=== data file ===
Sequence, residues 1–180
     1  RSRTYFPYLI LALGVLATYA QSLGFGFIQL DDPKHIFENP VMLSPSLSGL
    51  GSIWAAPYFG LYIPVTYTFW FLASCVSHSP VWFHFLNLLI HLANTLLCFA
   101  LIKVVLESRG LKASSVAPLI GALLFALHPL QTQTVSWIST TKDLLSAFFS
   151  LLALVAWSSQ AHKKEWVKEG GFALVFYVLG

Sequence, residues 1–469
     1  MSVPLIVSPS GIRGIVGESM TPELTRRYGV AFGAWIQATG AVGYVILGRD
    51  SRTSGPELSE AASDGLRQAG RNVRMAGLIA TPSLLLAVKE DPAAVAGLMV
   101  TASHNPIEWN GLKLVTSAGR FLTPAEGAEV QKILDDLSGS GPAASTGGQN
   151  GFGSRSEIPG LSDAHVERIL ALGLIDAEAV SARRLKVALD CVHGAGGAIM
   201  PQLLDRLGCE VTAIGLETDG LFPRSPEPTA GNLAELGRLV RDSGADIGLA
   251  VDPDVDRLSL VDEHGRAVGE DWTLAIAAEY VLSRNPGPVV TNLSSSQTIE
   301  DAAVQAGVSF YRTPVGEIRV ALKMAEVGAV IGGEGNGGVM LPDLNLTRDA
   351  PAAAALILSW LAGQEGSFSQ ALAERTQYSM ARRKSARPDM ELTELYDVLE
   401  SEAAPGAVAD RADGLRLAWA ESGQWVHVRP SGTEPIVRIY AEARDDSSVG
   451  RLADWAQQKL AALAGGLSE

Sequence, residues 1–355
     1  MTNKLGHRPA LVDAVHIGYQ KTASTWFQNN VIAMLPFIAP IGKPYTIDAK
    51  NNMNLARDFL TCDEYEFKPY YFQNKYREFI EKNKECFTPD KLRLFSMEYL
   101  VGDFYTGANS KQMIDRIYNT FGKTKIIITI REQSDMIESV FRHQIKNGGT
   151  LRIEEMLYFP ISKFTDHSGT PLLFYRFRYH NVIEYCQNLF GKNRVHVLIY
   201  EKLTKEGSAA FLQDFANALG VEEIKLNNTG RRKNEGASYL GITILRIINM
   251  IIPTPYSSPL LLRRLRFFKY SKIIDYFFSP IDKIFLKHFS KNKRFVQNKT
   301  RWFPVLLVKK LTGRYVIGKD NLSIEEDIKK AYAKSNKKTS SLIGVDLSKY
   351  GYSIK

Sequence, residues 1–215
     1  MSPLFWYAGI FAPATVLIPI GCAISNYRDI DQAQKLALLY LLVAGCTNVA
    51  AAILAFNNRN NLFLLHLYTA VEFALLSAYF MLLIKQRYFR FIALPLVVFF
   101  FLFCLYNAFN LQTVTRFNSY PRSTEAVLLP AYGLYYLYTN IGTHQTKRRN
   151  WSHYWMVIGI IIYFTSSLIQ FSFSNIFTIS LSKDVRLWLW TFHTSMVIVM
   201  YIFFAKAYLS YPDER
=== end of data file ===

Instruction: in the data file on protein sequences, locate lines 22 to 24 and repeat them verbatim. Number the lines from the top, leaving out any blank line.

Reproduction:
   201  EKLTKEGSAA FLQDFANALG VEEIKLNNTG RRKNEGASYL GITILRIINM
   251  IIPTPYSSPL LLRRLRFFKY SKIIDYFFSP IDKIFLKHFS KNKRFVQNKT
   301  RWFPVLLVKK LTGRYVIGKD NLSIEEDIKK AYAKSNKKTS SLIGVDLSKY